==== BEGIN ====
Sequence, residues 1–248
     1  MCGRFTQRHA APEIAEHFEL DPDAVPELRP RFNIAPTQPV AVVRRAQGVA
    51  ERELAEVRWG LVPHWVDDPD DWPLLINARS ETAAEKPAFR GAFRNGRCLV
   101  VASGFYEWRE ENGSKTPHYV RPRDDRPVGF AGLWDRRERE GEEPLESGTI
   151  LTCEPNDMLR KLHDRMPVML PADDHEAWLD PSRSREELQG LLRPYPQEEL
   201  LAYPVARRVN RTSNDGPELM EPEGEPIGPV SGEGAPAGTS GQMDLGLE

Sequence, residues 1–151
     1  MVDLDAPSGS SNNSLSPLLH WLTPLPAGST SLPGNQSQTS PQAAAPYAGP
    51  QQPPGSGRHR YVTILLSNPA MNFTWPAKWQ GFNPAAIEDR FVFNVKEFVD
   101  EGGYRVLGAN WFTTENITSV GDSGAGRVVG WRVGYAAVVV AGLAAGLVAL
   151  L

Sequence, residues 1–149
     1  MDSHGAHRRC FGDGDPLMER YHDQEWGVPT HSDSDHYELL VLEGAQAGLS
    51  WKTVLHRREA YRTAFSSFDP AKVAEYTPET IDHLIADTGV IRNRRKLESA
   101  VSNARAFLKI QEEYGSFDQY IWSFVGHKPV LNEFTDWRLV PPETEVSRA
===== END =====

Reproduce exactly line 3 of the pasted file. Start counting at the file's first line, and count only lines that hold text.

    51  ERELAEVRWG LVPHWVDDPD DWPLLINARS ETAAEKPAFR GAFRNGRCLV